63% had no help from their employer in paying school fees – this figure was higher in Amsterdam



June 2017: In spring 2017 ICAP undertook a survey on the subject of housing for internationals. The intention was to discover what internationals had to say about housing with regard to availability, cost and accessibility.

Top 5 key findings

80% of new arrivals get no help with housing costs and 50% wanted to rent furnished accommodation

A large majority said they are paying more than they can afford for a place to live and 25% of internationals earn less than €3,000 a month

16% of expats buy a home within one year of arriving

Most want to cycle to work – and a 30-minute cycle ride is the max

Most plan to stay here at least five more years, or have no plans to

These brief highlights raises the question: are the perceptions about the expat/international community accurate?

comments from the HOUSING survey

Start looking in advance because it might take some time. Possibly compromise on a few things for your first home until you settle down. Then you will have more time and less pressure to find a more suitable/desired home. Take time to understand the type of Dutch houses. They are different from other countries.
the housing market also has changed A LOT. When I first came here I had no issues finding a great place to live, then I was offered (!) an even more amazing place to live because I’m a great tenant. It was all affordable.But I gave up my amazing place to go abroad for a while and when I came back to start playing apartment musical chairs, though things got even worse in the past 2-3 years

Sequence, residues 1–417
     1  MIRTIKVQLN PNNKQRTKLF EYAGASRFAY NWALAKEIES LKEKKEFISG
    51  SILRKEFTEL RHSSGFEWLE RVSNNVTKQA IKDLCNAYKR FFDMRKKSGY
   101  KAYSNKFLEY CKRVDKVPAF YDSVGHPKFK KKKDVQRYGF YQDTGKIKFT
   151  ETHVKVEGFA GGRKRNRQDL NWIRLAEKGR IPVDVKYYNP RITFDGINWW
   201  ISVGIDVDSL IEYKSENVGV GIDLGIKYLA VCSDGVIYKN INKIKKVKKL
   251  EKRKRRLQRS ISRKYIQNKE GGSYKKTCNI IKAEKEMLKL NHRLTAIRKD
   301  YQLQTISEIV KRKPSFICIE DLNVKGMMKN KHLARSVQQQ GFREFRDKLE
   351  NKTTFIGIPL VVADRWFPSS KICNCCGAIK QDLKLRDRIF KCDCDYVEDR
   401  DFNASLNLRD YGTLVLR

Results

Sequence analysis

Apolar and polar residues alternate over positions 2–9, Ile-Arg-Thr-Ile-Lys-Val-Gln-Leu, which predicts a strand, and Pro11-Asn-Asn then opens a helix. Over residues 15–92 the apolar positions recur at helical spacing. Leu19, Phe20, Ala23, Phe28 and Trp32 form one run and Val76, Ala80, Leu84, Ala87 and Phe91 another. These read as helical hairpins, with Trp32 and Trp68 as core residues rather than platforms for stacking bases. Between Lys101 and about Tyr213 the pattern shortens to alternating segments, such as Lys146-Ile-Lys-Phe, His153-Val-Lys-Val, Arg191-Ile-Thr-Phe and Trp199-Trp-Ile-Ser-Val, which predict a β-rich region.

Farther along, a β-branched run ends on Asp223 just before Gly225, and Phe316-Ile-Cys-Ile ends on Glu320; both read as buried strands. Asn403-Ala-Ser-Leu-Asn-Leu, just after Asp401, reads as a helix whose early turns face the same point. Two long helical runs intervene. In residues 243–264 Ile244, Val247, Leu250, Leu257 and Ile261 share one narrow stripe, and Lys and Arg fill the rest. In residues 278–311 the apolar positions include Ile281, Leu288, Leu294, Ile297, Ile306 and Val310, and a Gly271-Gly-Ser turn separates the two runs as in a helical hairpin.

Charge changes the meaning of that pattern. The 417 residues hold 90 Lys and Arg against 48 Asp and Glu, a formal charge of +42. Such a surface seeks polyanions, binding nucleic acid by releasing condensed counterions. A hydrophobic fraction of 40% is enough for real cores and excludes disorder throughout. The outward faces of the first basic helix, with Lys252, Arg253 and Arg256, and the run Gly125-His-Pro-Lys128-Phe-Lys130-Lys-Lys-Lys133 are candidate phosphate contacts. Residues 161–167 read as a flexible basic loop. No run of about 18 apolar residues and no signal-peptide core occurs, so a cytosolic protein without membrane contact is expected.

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As new research (April 2018) by the International Community Advisory Panel into the international community in the Netherlands shows, confusion and lack of understanding persists when it comes to healthcare in the Netherlands. While internationally it scores highly, local internationals have much to say, otherwise.


35.6% indicated that the healthcare system would ‘encourage them to leave the Netherlands’

Only 33.5% felt well, or relatively well-informed about the health insurance system; and in the comments there was overwhelming number of comments regarding confusion about eigen risico.

More than 60% felt the were not, or insufficiently informed about, the healthcare system

44% believe most women have drug free births in the Netherlands (which is not correct, only about 13% do)

While 62% say their huisartsen are open to different ways of doing things, including ideas they bring from their home countries; 53% have difficulty agreeing on when a specialist consult may be required

36.7% believe the Dutch healthcare system to be equal to that of their home country, while 35.9% believe it to be inferior.